Winning author Peg Prendeville, centre, with Pat Quinlan CEO and Joanne Callinan both of Milford Care Centre
PUBLISHED poet and librarian, Peg Prendeville from Glin, has won herself another literary riband and her short story Goodbye Grandad has taken first prize in a competition organised by the Milford Care Centre.
The competition was organised to co-incide with Palliative Care Week last September, a week during which the Milford Care Centre organised a range of events to promote awareness of palliative care services and the benefits of availing of such care early on.
The staff at Milford are only too aware that many people on a personal level have had positive experiences of the palliative care services.
Yet, they are also aware, Dr Martina O’Reilly explains, that there are still many myths and fears out there.
“Palliative care focuses on helping people of all ages to live well with an illness that’s life-limiting and achieve the best quality of life as their illness progresses. It involves not only the management of pain and other symptoms but offers social, emotional and spiritual support too.”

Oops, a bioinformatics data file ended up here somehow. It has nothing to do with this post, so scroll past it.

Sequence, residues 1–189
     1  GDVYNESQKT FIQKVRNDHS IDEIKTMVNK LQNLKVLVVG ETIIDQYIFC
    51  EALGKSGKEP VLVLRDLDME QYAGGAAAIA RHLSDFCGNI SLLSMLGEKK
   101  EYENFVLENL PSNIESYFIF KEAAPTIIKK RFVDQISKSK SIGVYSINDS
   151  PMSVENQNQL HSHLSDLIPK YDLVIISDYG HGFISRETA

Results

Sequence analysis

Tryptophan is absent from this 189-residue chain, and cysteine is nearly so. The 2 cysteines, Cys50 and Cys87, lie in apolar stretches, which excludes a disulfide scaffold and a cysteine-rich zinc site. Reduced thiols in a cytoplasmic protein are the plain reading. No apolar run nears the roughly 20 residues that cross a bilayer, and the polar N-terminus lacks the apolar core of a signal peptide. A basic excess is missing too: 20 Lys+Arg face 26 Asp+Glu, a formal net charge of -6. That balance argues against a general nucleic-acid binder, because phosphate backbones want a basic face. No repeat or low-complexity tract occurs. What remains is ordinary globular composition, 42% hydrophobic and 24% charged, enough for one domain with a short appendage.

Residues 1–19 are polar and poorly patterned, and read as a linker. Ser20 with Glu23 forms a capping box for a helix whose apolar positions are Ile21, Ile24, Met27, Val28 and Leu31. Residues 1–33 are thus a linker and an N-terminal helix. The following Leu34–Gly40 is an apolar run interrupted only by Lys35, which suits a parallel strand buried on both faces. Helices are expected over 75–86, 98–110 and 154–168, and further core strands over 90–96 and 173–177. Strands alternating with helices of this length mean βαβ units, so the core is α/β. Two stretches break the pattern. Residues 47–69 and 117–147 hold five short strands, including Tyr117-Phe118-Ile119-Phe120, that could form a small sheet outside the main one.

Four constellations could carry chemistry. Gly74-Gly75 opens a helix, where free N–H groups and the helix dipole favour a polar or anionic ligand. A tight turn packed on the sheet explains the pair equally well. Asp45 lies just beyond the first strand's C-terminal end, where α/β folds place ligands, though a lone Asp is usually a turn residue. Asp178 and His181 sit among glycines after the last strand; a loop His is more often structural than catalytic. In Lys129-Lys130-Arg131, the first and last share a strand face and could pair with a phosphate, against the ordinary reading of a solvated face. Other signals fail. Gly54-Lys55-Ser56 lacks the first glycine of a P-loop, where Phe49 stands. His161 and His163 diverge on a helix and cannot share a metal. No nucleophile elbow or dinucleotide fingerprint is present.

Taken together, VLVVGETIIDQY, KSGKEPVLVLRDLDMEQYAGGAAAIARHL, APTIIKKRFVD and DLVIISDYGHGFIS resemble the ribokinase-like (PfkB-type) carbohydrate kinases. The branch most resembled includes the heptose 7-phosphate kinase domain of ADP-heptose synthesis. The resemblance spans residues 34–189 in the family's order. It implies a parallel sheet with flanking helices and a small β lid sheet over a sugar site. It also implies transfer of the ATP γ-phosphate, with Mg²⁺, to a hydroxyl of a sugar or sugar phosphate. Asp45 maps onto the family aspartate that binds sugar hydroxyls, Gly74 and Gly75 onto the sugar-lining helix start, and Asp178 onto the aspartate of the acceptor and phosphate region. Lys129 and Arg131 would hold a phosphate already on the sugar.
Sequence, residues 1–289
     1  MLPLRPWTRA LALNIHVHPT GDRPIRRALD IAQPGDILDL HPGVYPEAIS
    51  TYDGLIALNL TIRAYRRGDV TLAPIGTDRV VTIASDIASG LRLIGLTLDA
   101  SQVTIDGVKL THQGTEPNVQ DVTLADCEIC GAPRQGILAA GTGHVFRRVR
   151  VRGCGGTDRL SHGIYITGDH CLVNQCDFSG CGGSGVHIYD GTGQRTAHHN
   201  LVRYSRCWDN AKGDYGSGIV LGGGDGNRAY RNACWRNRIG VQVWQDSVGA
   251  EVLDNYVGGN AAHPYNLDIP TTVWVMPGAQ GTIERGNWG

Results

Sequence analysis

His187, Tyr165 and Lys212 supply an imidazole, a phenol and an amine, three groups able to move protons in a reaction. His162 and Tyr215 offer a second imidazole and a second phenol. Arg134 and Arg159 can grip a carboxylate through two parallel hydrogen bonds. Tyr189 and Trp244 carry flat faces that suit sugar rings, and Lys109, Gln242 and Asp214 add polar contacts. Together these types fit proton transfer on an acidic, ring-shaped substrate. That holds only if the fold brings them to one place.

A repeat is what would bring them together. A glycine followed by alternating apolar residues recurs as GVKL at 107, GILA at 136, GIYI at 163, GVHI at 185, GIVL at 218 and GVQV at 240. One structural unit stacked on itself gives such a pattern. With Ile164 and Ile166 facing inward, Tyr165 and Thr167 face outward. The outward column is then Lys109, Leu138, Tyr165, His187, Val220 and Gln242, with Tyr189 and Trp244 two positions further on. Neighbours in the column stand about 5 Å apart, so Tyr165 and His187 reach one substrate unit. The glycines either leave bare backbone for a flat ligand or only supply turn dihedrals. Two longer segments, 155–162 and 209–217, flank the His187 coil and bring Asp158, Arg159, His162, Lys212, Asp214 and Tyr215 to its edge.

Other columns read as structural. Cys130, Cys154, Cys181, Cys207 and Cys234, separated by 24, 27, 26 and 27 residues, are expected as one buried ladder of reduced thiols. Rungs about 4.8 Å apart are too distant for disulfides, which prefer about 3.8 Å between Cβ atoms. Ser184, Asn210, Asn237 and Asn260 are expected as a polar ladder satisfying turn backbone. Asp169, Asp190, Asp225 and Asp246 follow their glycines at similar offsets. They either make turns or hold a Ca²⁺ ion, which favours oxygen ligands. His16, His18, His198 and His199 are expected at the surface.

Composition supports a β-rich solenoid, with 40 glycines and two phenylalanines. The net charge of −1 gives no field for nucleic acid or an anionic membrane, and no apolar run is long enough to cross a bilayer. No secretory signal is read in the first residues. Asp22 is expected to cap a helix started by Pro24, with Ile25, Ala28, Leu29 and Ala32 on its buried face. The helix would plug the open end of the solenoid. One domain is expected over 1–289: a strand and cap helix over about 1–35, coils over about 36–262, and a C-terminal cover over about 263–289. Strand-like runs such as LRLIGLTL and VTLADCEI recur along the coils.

In a bid to raise awareness of the breadth of the services, the idea of a competition was born, asking people to write a poem, short story or create a video in which they would reflect on the meaning of palliative care for them.
The theme was ‘What have you heard about palliative care’.
Peg Prendeville’s winning story goes right to the heart of it, focusing on her main character, young Laura whose grandad is ill and not likely to recover. Realising this, she asks his doctor, what can be done to make him more comfortable and to take away his fear. And he replies: “What have you heard about palliative care?
From then on until his last breath, Grandad was visited by a palliative care nurse, supporting him, and his family as he ended his journey.
Peg, who runs Glin library and whose poetry collection is called The Purple Pencil Case, was presented with two tickets to an Ed Sheeran concert.
Runners up in the competition were Palliative Care for Tim, a story by Pauline Campbell, Limerick and The Easel, a story by Rowena Edwards from Clare.